Retrospective Study
Copyright ©The Author(s) 2022. Published by Baishideng Publishing Group Inc. All rights reserved.
World J Methodol. Jan 20, 2022; 12(1): 54-63
Published online Jan 20, 2022. doi: 10.5662/wjm.v12.i1.54
Phenomenology of obsessive-compulsive disorder in children and adolescents: Sample from a tertiary care center in Istanbul, Turkey
Anil Cifter, Ayse Burcu Erdogdu
Anil Cifter, School of Medicine, Marmara University, Istanbul 34899, Turkey
Ayse Burcu Erdogdu, Department of Child and Adolescent Psychiatry, School of Medicine, Marmara University, Istanbul 34899, Turkey
Author contributions: Cifter A and Erdogdu AB designed the project and created data collection tools; Cifter A examined the patient files; Cifter A and Erdogdu AB did the analysis, interpreted the data and wrote the paper for publication; Erdogdu AB critically revised the paper.
Institutional review board statement: The study protocol was approved by the Marmara University School of Medicine Clinical Research Ethics Committee (Protocol No: 09.2019.360, date: April 5, 2019).
Informed consent statement: Written informed consent was obtained from parents or legal guardians of the patients.
Conflict-of-interest statement: None declared.
Data sharing statement: No additional data are available.
Open-Access: This article is an open-access article that was selected by an in-house editor and fully peer-reviewed by external reviewers. It is distributed in accordance with the Creative Commons Attribution NonCommercial (CC BY-NC 4.0) license, which permits others to distribute, remix, adapt, build upon this work non-commercially, and license their derivative works on different terms, provided the original work is properly cited and the use is non-commercial. See:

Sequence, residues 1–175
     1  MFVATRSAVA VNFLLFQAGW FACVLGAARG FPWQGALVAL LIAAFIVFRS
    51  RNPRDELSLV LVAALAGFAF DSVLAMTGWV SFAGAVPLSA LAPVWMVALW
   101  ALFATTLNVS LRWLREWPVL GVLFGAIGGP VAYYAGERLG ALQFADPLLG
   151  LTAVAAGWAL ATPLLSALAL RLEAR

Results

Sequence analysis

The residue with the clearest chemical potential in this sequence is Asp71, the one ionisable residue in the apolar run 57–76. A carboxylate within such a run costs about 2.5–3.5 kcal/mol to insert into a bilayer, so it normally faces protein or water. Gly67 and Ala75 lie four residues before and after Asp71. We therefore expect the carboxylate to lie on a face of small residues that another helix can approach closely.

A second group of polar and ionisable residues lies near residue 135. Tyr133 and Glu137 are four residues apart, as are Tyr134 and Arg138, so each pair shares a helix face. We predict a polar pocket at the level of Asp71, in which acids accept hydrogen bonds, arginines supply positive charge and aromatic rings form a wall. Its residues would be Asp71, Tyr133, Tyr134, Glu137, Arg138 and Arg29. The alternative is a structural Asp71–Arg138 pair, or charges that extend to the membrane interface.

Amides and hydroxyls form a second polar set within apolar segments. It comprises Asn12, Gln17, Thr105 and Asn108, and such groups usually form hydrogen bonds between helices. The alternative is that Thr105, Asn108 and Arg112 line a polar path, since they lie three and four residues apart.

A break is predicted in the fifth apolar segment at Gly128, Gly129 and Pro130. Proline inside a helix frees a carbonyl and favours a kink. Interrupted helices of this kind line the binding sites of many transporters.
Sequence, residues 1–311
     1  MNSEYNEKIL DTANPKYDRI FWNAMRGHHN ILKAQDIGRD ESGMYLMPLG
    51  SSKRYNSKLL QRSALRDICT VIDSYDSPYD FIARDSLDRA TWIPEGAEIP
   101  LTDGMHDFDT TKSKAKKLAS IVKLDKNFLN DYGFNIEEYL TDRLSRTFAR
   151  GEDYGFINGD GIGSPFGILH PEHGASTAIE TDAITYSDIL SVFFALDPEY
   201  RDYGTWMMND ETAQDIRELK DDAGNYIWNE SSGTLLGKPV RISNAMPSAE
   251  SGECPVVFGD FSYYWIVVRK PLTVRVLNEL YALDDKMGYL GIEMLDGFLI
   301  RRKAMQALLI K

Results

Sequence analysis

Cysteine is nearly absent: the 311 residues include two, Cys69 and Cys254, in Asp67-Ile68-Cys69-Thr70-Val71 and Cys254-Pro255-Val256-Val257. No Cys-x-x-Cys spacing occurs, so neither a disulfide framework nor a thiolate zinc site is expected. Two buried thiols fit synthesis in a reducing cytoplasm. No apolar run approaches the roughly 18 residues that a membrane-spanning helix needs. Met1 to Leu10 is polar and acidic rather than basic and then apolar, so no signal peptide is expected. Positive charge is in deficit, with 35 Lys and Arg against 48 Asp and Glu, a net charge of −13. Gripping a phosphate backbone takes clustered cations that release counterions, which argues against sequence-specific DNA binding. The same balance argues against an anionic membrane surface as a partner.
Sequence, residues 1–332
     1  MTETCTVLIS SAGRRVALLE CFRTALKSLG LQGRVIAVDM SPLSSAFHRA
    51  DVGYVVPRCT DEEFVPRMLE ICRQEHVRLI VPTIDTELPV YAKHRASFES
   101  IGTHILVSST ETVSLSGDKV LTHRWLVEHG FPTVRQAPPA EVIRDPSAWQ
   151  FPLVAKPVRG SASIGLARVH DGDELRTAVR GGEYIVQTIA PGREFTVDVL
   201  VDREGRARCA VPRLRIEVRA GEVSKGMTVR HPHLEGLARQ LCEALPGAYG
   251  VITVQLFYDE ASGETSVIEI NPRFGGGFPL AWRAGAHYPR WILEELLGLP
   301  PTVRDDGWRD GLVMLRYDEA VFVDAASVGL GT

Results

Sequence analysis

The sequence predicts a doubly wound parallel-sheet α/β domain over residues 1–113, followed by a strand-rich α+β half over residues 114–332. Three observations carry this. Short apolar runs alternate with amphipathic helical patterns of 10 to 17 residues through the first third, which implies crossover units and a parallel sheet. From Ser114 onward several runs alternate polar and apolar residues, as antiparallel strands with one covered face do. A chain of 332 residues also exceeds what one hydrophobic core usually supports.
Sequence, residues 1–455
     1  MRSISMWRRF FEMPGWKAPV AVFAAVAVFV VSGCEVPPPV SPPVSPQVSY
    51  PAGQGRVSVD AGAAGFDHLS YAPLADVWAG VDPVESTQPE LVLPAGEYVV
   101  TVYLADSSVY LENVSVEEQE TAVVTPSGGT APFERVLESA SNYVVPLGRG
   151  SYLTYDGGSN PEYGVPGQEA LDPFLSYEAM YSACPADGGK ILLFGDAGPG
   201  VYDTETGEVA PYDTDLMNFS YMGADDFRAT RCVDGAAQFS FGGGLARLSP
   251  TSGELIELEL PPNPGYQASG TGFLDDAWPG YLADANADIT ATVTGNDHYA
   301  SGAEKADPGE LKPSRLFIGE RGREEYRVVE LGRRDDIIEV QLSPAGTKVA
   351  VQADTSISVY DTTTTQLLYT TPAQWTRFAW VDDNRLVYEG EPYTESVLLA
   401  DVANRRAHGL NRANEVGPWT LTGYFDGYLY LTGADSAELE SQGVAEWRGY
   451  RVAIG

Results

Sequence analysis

Corresponding author: Anil Cifter, MD, School of Medicine, Marmara University, Marmara University Training and Research Hospital, Fevzi Çakmak Mah. Muhsin Yazıcıoğlu Cad. No. 10 Üst Kaynarca/Pendik, Istanbul 34899, Turkey.
Received: June 10, 2021
Peer-review started: June 10, 2021
First decision: July 31, 2021
Revised: August 5, 2021
Accepted: December 2, 2021
Article in press: December 2, 2021
Published online: January 20, 2022
Research background

As a disease with heterogeneous features in many respects, obsessive-compulsive disorder (OCD) shows variability in terms of phenomenology.

Research motivation

Phenomenology of obsessions and compulsions are affected by many structural and environmental factors and shows several different characteristics in children compared to adults.

Research objectives

To identify the most common phenomenological subgroups of pediatric OCD and to determine the relationship of these subgroups with familial and clinical characteristics of children and the treatment response.

Research methods

Data of 150 children and adolescents, who had been diagnosed with OCD between 2014 and 2018, were examined retrospectively.

Research results

Contamination obsession was observed more frequently in the prepubertal age group, whereas religious obsessions were more frequent in adolescents. The treatment response deteriorated with the increase in severity of disease and the age of admission.

Research conclusions

Variations in phenomenology of obsessions are found in terms of age groups. The response to pharmacotherapy was found to be better in patients in the prepubertal age group and with lower severity of disease.

Research perspectives

Earlier diagnosis and therapeutic interventions in OCD may limit the impairment of mental health of children and adolescents.